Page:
Create jobs to help the youth overcome challenges that lead to insecurity


Suleiman Shahbal. [File, Standard]

Mombasa is Kenya's melting pot and reflects the face of Kenya. Whatever problems we see in Mombasa are either all over the country or will soon be at your doorsteps.

At one time, surveys highlighted unemployment as our biggest problem but today insecurity is the biggest challenge. sadly, the insecurity is caused by youth gangs, some as young as 10 years old.

There are some areas of Mombasa where shops close before it gets dark. Parents, community leaders and even the police have given up. Arrest a few and they are soon replaced by many more. How did we get to this point?  What causes a 10-year-old child to pick up a panga?

We face a new problem of what we call “boda boda” pregnancies. Too many girls will exchange sex for Sh50 to buy sanitary pads. We don’t want to talk about it because we are talking about our own daughters – but if we don’t want to talk about it now, then we will soon be talking about unplanned grandchildren who come too early, and watch our poor children being dragged unknowingly into premature parenthood.

The number of street children is increasing. What do you expect from kids who grow up on the streets where violence is the norm other than violence in return?

Drug addiction has always been a problem. At least drugs are illegal and more difficult to get but these days a cheap and lethal miraa called “mogoka” is slowly, but surely addicting our youth – and its perfectly legal. Meru’s cash cow has become our daily nightmare.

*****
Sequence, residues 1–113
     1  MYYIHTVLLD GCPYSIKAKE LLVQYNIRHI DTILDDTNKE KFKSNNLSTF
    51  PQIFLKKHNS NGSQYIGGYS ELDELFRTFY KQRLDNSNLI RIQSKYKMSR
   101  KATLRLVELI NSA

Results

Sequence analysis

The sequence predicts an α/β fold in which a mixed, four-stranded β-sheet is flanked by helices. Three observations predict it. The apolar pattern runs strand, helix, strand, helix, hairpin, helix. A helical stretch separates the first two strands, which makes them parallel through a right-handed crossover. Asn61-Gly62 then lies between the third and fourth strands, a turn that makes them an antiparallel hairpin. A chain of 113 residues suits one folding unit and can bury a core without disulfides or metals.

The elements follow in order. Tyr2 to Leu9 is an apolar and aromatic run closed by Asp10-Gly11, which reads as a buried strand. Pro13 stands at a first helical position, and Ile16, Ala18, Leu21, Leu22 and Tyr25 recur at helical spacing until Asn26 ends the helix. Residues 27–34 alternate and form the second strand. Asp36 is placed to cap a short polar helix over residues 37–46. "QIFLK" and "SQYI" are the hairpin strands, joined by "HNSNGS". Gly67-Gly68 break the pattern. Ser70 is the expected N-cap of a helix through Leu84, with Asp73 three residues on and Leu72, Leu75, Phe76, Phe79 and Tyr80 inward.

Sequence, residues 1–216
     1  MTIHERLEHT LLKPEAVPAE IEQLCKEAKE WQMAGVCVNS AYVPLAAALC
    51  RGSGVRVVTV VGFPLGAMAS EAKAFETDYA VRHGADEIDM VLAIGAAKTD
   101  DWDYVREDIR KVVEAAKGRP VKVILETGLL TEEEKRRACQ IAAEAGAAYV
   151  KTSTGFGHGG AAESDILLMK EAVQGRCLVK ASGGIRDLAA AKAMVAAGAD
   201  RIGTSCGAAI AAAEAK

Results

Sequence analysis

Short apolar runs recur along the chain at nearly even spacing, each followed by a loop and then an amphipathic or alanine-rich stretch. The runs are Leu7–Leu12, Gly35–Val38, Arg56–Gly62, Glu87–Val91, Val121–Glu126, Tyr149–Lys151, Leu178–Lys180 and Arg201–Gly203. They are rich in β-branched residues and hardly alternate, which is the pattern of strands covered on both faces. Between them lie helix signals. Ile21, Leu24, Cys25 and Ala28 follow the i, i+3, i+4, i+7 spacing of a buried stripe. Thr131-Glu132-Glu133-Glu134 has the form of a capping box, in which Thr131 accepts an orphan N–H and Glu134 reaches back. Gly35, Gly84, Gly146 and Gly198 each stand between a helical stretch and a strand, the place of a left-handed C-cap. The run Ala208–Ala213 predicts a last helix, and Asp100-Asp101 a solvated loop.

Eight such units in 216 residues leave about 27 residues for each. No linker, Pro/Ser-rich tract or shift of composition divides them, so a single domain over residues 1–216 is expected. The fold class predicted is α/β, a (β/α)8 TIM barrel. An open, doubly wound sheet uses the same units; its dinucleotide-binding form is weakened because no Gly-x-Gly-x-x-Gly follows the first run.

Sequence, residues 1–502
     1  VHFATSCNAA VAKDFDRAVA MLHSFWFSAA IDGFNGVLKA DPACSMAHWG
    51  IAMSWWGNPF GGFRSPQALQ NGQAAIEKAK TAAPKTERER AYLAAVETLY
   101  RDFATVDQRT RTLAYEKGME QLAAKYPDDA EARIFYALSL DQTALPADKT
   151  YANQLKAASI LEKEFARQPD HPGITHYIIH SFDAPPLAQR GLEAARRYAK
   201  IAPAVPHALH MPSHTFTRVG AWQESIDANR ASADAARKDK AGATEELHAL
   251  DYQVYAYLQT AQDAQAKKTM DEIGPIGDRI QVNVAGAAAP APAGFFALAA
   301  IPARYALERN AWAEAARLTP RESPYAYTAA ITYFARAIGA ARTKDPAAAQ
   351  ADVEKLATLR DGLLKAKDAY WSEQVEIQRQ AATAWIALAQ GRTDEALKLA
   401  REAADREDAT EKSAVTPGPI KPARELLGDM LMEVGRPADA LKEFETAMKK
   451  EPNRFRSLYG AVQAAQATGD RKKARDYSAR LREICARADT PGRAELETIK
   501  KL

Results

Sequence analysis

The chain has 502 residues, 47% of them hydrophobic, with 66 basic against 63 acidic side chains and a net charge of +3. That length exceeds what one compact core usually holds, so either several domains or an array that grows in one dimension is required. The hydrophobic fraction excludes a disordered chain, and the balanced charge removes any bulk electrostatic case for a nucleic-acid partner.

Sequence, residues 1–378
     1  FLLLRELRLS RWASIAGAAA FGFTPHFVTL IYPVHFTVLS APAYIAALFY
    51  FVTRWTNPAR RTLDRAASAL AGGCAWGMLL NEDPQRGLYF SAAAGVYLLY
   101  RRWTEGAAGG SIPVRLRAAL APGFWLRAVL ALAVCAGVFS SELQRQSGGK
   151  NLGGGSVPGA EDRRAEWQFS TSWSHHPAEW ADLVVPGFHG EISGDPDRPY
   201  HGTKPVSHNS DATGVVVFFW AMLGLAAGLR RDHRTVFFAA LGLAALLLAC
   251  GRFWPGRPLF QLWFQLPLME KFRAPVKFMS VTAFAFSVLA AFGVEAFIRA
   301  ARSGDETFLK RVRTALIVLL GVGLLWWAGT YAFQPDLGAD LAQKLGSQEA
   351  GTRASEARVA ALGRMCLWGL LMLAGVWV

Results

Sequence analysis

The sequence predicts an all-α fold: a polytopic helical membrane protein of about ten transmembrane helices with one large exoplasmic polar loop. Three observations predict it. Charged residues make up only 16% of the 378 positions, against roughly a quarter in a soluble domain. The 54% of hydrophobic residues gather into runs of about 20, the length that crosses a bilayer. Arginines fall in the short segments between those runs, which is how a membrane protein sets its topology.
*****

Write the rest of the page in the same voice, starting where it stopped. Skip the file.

The cause of all these problems is poverty. The avenues for the youth to make a decent living, let alone make any serious money, are rapidly closing. Too many of our kids are becoming dropouts because the parents lack school fees. Too many kids now find themselves forced to fend for themselves or to support their parents by finding any sort of employment. The rates of school failure and dropout is amongst the highest in the country.

We have too many University graduates with no jobs and there is now an alarming loss of hope in education. Education that we all believed would be the great equalizer seems to have failed as well. There is a loss of faith in the future and a growing sense of hopelessness

These disturbing social problems have even more devastating long-term implications. There is need for increased public discussion and to raise awareness among the youth and parents now. Simple actions like the supply of pads should be prioritised.

It is no longer a sanitary issue but one that leads to unwanted pregnancies and its myriad complications. A budget of Sh30 million per year will provide sanitary pads for all the girls in Mombasa for a whole year. Definitely cheaper than the cost of resultant problems.

If we don’t create jobs, we risk the entire social fabric of our societies and invite violence at our doorsteps. The politics of 2022 should focus on job creation first. All our social problems have economic roots and only by finding economic solutions will be solve these social problems.

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